5 Vineyard Hotels for Wine-Tastic Meetings

Properties with their own vineyards (whether in traditional wine countries or burgeoning ones) make for attractive group destinations.

Mexico Wine

Mexico knows how to quench a thirst. Whether you're parched on a beach in Playa del Carmen, dehydrated on a dance floor in Cabo San Lucas or toasting clients at dinner in Mexico City, your cup will never run dry — of tequila or cerveza, that is. But what if you're a wine drinker?

While Mexico isn't particularly known for its wine, that's beginning to change thanks to a little-known region in Baja California. A more relaxed and more affordable alternative to California's esteemed Napa Valley, Valle de Guadalupe is a fast-growing food-and-wine destination just two hours south of San Diego. Along with more than 100 wineries, it boasts beautiful scenery, top-notch restaurants and a number of stylish boutique hotels -- the latest of which is Mexico's first Dream Hotels property, scheduled to open in 2021, the Dream Hotel Group announced Monday.

Occupying over 35 acres on the region's Ruta del Vino wine route, the new hotel will be designed by Mexican architect Tatiana Bilbao, who will bring an "eco-chic" aesthetic to the project, according to Dream. Along with 61 guest rooms and villas, it will have a signature restaurant helmed by a celebrity chef, a wine-tasting room, a pool and pool bar, private meeting spaces for meetings and events, a luxury spa and its own on-site vineyard.

"Dream Valle de Guadalupe is an exciting collaboration between some of the best minds in the hospitality industry," said Dream Hotel Group's vice president of development, Ariel Sanett. "The region will offer guests an opportunity to immerse themselves in the food and wine culture and natural tranquility encompassing Valle de Guadalupe."

Four More Vineyard Hotels for Thirsty Groups

Mexico notwithstanding, more established wine regions continue to be a draw for meeting groups. Each of these four hotels has an on-site vineyard and can seamlessly blend work with wine.

The Meritage Resort and Spa (Napa, Calif.). While emerging wine regions are perpetually jockeying for position across the continent, Napa Valley will always be the capital of North American wine country. For an immersive Napa experience, groups can head to the Meritage Resort and Spa on 9 acres of hillside vineyards that belong to family-run winery Trinitas Cellars. Along with 322 guest rooms and suites, features here include walking trails through the vineyards; a bowling alley with six lanes; two heated swimming pools, three whirlpools and a fitness center with vineyard views; a signature restaurant serving Napa-inspired cuisine; an underground spa inside a 20,000-square-foot wine cave, and 80,000 square feet of indoor and outdoor event space.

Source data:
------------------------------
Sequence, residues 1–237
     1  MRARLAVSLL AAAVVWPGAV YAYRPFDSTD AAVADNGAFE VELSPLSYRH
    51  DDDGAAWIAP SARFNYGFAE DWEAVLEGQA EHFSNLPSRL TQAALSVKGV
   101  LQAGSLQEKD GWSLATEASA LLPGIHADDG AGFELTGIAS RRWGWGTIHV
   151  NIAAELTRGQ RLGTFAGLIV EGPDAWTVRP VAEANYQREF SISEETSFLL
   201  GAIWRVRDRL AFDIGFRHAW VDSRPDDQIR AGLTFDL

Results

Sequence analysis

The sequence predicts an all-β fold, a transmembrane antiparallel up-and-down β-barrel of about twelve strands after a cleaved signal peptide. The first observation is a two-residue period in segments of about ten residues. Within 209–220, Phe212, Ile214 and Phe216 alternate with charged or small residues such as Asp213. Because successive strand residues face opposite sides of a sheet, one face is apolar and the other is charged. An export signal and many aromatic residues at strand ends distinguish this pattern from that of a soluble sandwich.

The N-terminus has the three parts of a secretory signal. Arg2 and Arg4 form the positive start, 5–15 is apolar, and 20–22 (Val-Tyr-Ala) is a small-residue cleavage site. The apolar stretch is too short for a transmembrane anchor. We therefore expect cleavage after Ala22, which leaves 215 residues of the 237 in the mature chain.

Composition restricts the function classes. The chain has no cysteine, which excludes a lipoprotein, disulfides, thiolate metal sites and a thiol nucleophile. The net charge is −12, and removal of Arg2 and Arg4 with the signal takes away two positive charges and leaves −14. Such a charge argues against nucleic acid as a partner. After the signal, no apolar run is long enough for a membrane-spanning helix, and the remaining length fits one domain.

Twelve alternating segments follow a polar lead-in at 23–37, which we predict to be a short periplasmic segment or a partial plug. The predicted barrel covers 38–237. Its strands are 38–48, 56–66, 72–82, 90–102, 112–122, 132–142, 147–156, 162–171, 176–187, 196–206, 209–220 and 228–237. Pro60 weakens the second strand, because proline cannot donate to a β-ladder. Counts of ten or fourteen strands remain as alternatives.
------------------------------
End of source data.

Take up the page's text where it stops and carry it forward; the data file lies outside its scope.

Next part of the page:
Les Sources de Caudalie (Martillac, France). If wine countries were royalty, Napa Valley would be princely, but the Bordeaux region of France most certainly would be king. Located 20 minutes south of Bordeaux proper is Les Sources de Caudalie, a five-star family-run inn that sits amidst the Grand Cru vineyards of Château Smith Haut Lafitte. Established in 1999, the hotel has 47 guest rooms and suites across six cottages, not to mention three restaurants and bars: a two-Michelin-starred restaurant, a farm-to-table bistro and a wine bar/upscale grocer selling items for upscale picnics. There's also an onsite vegetable garden and hen house supplying fresh vegetables and eggs; a spa whose treatments utilize grapes, wine and water from a subterranean natural hot spring; indoor and outdoor pools; a tennis court; a three-hole golf course; a fitness trail, and five meeting rooms -- plus La Chartreuse du Thil, a 12-room mansion a mile down the road whose historic living rooms can be used for private meetings. Activities abound, such as cooking classes, horse-drawn carriage rides, wine-tasting lessons and guided tours of the on-site vineyards.

Hotel Marqués de Riscal (Elciego, Spain). If you ask the winemakers who cultivate it, they'll tell you that Spanish wine is special, and that travelers who visit Spain deserve a special place in which to taste it. The Hotel Marqués de Riscal is that place. Opened in 2006 in the small town of Elciego, this member of Marriott's Luxury Collection is a creation of world-renowned architect Frank Gehry, whose contemporary and whimsical design consists of rectangular prisms wrapped in undulating waves of titanium, with pink, gold and silver hues that symbolize "the reddish hues of red wine, the mesh of the wine bottle of Marqués de Riscal and the capsule of the bottle," according to the hotel's website. With 43 guest rooms and suites, the property is part of the Marqués de Riscal City of Wine, an oenophilic campus that also includes two restaurants (one of which has a Michelin star), a spa specializing in wine-based treatments, a rooftop lounge, a wine bar, a wine shop, over 10,000 square feet of meeting space and the oldest winery in Spain's Rioja wine region. The latter opened in 1858 and today instructs guests in the fine art of winemaking, from the grapevine to the bottle; its highlight is an enormous cellar housing 8 million bottles.

Denbies Wine Estate (Dorking, England). Unlike Napa, Bordeaux and Rioja, the county of Surrey, England, isn't exactly a wine Mecca. You'd never know it, however, at Denbies Wine Estate in Dorking, an hour south of London. Family-owned and -run since 1984, it's England's largest vineyard, with 265 acres under vines. The estate's original farmhouse is now a four-star bed-and-breakfast with seven guest rooms. The small number of beds shouldn't scare away larger groups, however, as the estate also includes purpose-built conference facilities for meetings and events of up to 500 people. Other highlights include two restaurants, indoor winery tours and outdoor vineyard tours aboard a seasonal train.